The Aberdeen Proving Ground Support Activity (APGSA)is sponsoring a public meeting and a 45-day public comment period on a proposed plan to place a cover system over the Old O-Field ordnance disposal area at APG's Edgewood Area.
The meeting will be at 7:30 p.m. Thursday at Magnolia Elementary School, 901 Trimble Road, Joppa.
APG will display information from 3:30 p.m. to 8 p.m. Wednesday at the Bowleys Quarters Improvement Association, 1124 Bowleys Quarters Road in Baltimore County; from 6:30 p.m. to 7:30 p.m. at the Thursday hearing at Magnolia Elementary; and from 3 p.m. to 8 p.m. July 20 at Washington College's Casey Academy Center in Chestertown.
APG officials, who announced the comment period last week, said it began June 22 and will last to Aug. 5.
Comments on the proposal must be postmarked by Aug. 5 and sent to the Directorate of Safety, Health & Environment, U.S. Army Aberdeen Proving Ground, Attention STEAP-SH-ER, Aberdeen Proving Ground, 21010-5423.
The Old O-Field disposal area was used from the late 1930s to mid-1950. Large quantities of ordnance items -- some of which contained chemical warfare materials -- were stored, recovered, buried, handled or destroyed there. APG officials say they currently are controlling hazards at the site through strict access controls, security patrols, air monitoring and a hazard response plan.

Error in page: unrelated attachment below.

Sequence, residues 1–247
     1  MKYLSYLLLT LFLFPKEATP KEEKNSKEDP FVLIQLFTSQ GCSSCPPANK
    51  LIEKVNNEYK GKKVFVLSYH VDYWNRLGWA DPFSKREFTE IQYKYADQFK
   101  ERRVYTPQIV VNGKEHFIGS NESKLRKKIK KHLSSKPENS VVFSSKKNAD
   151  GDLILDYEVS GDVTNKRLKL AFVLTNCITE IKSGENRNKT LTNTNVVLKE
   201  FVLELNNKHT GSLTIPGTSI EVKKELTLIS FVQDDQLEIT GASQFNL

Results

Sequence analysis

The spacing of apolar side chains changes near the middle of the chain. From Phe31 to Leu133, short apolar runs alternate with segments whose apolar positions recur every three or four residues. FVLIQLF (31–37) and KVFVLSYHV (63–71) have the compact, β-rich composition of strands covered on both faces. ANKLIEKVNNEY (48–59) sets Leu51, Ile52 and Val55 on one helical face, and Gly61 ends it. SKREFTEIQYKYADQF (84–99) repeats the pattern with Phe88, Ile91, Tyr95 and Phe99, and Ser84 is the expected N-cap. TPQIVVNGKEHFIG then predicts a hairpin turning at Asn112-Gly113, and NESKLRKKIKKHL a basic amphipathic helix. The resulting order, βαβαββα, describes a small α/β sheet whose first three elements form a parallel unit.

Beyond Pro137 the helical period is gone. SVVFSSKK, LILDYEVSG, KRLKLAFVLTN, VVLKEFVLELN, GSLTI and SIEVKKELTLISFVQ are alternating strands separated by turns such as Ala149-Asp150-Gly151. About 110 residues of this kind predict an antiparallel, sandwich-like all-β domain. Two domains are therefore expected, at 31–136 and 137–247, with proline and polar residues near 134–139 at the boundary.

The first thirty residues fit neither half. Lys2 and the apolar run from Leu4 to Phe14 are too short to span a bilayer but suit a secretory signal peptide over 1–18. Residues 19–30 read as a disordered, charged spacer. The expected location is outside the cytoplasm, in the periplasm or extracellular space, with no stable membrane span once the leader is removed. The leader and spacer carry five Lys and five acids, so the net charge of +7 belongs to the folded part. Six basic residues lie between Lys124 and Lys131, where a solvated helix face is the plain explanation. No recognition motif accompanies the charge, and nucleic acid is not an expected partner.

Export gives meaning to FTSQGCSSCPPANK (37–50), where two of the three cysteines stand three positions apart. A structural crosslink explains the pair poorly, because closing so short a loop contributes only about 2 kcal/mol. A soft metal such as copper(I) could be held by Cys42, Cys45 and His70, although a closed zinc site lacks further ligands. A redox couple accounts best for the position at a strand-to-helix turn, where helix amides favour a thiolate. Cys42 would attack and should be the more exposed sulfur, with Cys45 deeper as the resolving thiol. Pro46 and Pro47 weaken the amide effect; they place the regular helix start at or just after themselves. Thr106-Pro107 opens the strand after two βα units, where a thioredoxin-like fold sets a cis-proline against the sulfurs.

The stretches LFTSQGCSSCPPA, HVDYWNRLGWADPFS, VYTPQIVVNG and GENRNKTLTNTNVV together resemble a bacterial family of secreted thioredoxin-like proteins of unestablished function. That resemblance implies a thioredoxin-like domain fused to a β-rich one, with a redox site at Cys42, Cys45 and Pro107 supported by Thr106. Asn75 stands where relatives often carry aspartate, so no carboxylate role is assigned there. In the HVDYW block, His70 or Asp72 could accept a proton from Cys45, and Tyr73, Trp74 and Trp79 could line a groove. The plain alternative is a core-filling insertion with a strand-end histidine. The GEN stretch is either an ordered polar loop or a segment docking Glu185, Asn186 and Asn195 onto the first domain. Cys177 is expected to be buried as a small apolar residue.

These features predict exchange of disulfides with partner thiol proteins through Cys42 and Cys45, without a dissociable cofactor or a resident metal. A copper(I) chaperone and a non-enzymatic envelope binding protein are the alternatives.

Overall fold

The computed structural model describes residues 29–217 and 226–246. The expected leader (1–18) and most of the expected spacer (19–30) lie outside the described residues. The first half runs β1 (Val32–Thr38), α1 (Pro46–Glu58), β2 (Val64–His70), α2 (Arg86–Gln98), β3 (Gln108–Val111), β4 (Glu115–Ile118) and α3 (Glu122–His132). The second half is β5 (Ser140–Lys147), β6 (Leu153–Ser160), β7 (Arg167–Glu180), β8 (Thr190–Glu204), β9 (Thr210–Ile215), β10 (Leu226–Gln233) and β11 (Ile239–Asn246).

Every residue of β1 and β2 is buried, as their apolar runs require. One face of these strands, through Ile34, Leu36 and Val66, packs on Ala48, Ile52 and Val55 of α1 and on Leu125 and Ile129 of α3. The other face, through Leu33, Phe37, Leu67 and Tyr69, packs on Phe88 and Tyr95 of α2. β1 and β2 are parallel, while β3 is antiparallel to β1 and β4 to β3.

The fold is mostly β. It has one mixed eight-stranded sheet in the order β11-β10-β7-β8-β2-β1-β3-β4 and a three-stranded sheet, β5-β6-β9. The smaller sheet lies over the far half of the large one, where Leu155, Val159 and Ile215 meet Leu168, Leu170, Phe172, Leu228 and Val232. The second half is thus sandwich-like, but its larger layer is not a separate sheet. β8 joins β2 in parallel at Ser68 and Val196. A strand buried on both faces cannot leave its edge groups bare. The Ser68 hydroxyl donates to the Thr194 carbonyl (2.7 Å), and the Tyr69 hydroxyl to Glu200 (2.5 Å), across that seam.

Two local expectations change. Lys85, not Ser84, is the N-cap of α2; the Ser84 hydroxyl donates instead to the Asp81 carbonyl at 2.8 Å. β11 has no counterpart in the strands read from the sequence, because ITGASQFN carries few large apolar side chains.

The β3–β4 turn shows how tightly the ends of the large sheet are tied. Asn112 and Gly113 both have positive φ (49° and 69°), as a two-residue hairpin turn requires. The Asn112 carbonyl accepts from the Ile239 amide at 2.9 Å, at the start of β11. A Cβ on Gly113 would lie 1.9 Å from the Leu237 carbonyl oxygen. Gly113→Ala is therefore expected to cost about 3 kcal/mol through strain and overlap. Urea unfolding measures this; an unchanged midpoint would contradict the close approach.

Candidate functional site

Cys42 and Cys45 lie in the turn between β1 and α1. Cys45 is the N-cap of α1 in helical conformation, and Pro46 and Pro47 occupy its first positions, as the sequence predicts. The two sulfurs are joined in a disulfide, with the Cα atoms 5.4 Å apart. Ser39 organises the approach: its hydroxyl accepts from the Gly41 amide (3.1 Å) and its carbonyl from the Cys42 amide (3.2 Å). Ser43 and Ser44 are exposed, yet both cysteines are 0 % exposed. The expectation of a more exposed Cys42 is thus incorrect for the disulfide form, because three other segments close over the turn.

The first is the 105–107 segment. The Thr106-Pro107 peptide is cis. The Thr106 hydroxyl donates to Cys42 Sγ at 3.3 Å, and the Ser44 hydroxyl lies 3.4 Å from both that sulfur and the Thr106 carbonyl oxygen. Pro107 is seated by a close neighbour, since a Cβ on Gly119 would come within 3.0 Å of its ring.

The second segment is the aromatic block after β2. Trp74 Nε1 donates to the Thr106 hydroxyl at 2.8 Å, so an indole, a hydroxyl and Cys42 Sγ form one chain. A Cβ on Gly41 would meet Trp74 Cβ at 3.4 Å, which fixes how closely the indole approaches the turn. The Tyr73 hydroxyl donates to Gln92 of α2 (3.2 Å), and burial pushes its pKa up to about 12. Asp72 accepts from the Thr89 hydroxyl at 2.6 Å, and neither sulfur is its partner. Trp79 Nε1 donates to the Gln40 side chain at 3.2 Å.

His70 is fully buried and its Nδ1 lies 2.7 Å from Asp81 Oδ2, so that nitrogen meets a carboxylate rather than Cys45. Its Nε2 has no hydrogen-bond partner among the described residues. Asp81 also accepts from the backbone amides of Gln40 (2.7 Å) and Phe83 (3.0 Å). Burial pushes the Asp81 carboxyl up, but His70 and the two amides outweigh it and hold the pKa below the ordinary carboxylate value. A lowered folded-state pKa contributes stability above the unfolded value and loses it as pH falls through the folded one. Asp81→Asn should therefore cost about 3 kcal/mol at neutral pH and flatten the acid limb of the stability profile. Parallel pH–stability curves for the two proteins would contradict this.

Cynthia Powels, an environmental engineer in APGSA's Directorate of Safety, Health and Environment, said the Army's goal with the cover system "is to reduce or eliminate potential hazards."
She said, however, that "comprehensive environmental studies of the entire O-Field area continue."
The Army proposes to cover the surface of Old O-Field with a permeable infiltration unit of sand, geotextile material and gravel. The cover would reduce the potential for releases of vapors into the air, allow water to penetrate the site and allow natural degradation of the waste to continue.
The ground water treatment system currently under construction Old O-Field would capture the ground water moving from the site and remove undesirable levels of chemical substances.
Ms. Powels said the sand layer would include an air monitoring system to provide an early warning of potential vapor release.
The Army expects the cover system to cost more than $11 million.
Ms. Powels said that the U.S. Environmental Protection Agency and state Department of the Environment agree with the Army's proposal for the permeable infiltration unit cover, but the plan can be modified or changed, based on public input.
All written comments received during the comment period will be summarized and responded to in a "responsiveness summary," which will be included in the Army's "Record of Decision."
Copies of the feasibility study and proposed plan are available at the Edgewood and Aberdeen branches of the Harford County Library, the Miller Library at Washington College and the Essex Community College Library.
Residents who have questions about the meeting or proposed action can call (410) 272-8842. For residents of Baltimore and Kent counties, the number is 1-800-APG-9998.